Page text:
When Alex Rodriguez informed the Yankees last month that he was interested in traveling to Germany to pursue a fairly new medical procedure, they were understandably concerned.
Twice in recent years team officials had been caught off guard when they learned that players under contract had undergone medical treatment of which they were not aware.
One of those players was Rodriguez, who initially informed the Yankees in December 2009 that he had not been treated by Anthony Galea, a Toronto doctor who was under criminal investigation in the United States over suspicion that he had provided athletes with performance-enhancing drugs.
But it turned out that Galea had treated Rodriguez after his hip surgery in early 2009. This past July, Galea pleaded guilty to a felony charge of bringing unapproved and mislabeled drugs into the United States, and this month he was sentenced to time served by a federal judge in Buffalo, N.Y.
Meanwhile, last spring, the Yankees found out that Bartolo Colon had undergone an experimental stem-cell procedure in 2010 to treat injuries to his elbow and shoulder by a doctor who said he sometimes used human growth hormone in his treatments, but not in Colon’s case.
The Yankees, who had signed Colon in January, were unaware of the procedure until the pitcher’s agent, aware that The New York Times was working on an article about it, notified the team.
So this time around, with the 36-year-old Rodriguez looking to deal with various ailments in the wake of an injury-hampered 2011 season, the Yankees made sure to investigate the treatment he was seeking.
‘‘We took what we felt was every step in the process to educate ourselves, vet the process, understand it to the best of our abilities,’’ Brian Cashman, the team’s general manager, said in a conference call Wednesday. ‘‘There was a lot of work, a lot of homework.’’
The procedure, known as Orthokine, was recommended to Rodriguez by Kobe Bryant of the Los Angeles Lakers, Cashman said. Rodriguez contacted the Yankees’ training staff in early November and asked them to look into the treatment, which is similar to platelet-rich plasma therapy, a blood procedure that has gained popularity among athletes in recent years and has been used by Galea, among others.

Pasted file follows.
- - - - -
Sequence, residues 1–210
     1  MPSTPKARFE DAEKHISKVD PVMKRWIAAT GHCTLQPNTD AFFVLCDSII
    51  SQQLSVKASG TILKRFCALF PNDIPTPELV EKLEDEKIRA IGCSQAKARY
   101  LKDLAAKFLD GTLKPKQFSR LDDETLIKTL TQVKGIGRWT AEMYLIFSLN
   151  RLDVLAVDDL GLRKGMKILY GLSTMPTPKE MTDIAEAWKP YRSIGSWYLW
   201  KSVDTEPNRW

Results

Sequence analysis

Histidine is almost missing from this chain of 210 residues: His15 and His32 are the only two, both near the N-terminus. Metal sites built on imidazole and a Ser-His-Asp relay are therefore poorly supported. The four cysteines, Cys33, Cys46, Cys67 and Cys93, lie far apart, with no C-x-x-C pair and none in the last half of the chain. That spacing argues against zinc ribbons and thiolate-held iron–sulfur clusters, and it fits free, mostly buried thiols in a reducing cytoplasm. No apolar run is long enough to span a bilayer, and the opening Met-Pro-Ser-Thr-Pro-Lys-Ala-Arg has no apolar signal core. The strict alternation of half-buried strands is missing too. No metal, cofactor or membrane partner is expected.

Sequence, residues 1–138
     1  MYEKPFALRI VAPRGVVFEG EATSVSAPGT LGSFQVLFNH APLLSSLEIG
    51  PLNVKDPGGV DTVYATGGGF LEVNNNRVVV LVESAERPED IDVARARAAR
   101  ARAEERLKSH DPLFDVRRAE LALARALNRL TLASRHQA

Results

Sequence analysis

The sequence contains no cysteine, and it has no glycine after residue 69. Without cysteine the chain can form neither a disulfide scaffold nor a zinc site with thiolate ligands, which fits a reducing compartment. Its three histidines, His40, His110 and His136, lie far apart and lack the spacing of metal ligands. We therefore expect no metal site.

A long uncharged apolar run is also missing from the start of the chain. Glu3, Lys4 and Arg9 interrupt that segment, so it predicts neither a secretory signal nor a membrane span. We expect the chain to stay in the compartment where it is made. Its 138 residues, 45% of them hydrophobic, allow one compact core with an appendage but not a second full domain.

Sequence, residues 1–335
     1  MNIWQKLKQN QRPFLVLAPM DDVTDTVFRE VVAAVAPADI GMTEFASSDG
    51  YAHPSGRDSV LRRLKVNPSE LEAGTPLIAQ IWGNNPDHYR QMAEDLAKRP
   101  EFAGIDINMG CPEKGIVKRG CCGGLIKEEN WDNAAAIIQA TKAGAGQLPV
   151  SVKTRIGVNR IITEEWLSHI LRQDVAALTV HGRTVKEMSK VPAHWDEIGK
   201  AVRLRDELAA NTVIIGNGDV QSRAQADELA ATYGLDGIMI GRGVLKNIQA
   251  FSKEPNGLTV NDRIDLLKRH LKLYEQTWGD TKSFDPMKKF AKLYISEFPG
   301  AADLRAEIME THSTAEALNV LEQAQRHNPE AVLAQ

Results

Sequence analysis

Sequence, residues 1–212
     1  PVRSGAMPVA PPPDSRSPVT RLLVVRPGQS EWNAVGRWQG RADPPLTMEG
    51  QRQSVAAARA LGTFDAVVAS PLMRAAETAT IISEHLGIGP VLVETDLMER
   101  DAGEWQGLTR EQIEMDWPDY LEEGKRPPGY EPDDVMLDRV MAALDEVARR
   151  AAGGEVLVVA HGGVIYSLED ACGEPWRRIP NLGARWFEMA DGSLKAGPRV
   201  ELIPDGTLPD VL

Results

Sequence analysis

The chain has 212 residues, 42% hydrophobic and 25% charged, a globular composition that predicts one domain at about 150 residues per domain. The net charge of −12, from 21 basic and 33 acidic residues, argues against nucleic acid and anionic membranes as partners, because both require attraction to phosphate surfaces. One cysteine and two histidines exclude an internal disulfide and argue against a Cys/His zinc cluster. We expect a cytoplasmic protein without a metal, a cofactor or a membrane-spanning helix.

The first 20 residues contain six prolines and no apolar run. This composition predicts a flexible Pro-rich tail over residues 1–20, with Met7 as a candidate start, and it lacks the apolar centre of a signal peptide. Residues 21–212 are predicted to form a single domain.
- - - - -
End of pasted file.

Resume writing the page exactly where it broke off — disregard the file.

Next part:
The Yankees asked Chris Ahmad, their team physician, to research the procedure and the doctor in question, Peter Wehling of Duesseldorf, Germany. Admad also talked to the Lakers’ staff about Bryant, who was treated by Wehling last summer.
‘‘The more our doctor researched it, the more impressed he was with this guy’s credentials and his reputation,’’ Cashman said of Wehling. ‘‘He’s considered quote-unquote the best.’’
The Yankees also reached out to Major League Baseball, Cashman said, ‘‘to make sure there was a complete comfort level that there was nothing in this process utilized that violated the drug program.’’
Dr. Gary Green, Major League Baseball’s medical director, said Wednesday that clubs regularly conferred with the commissioner’s office about medical issues.
Speaking generally, Green said his office would never formally approve or disapprove a drug or procedure. Teams and players are entitled to ask for his opinion, but they must take responsibility for their own decisions, he said.
The research and discussions were sufficient to satisfy the Yankees’ concerns, and Rodriguez traveled to Duesseldorf on Dec. 5. He stayed five days for treatment on his left shoulder and surgically-repaired right knee.
Afterward, the Yankees received a signed statement from Wehling assuring them that no substances banned under the drug programs followed by baseball and the World Anti-Doping Agency had been used.
‘‘There appeared to be no downside,’’ said Cashman, while emphasizing he was not an expert on the science of the procedure. ‘‘There appeared to be some evidence, or a lot of evidence, that there is a significant upside to its ability to enhance the anti-inflammatory effect in the joint.’’
The effectiveness of platelet-rich plasma therapies, which involve injecting parts of a patient’s blood into an injured area to catalyze the body’s instincts to repair tissue, has recently been put into some doubt.
‘‘It hasn’t been the panacea we thought it could be,’’ said Dr. Dennis Cardone, an associate professor of orthopedics at New York University. ‘‘It has been sliding down in popularity. The recent studies have just not been good.’’
Orthokine, Cardone added, differs from other types of platelet-rich therapies because it isolates a protein that has anti-inflammatory properties. Still, he said he was not impressed by the existing studies on the effectiveness of the procedure.
‘‘It’s about anti-inflammatory and pain-relieving effects,’’ he said. ‘‘There’s nothing at all out there that shows it can heal or reverse the ill changes present in a joint.’’
The Yankees were willing to let Rodriguez try, though. Rodriguez had surgery to repair a tear in his knee last July. He appeared in 99 games last season, batting .276 with 16 home runs and 62 runs batted in. Whether he will ever again be the slugger he once was is open to question.
It is also unclear if Rodriguez will face future problems in connection with Galea.
Rodriguez was questioned by baseball’s investigators about Galea and testified before a federal grand jury that was investigating the doctor. As part of his guilty plea, Galea is cooperating with federal authorities. And baseball’s investigators have continued to try to find out more about the case.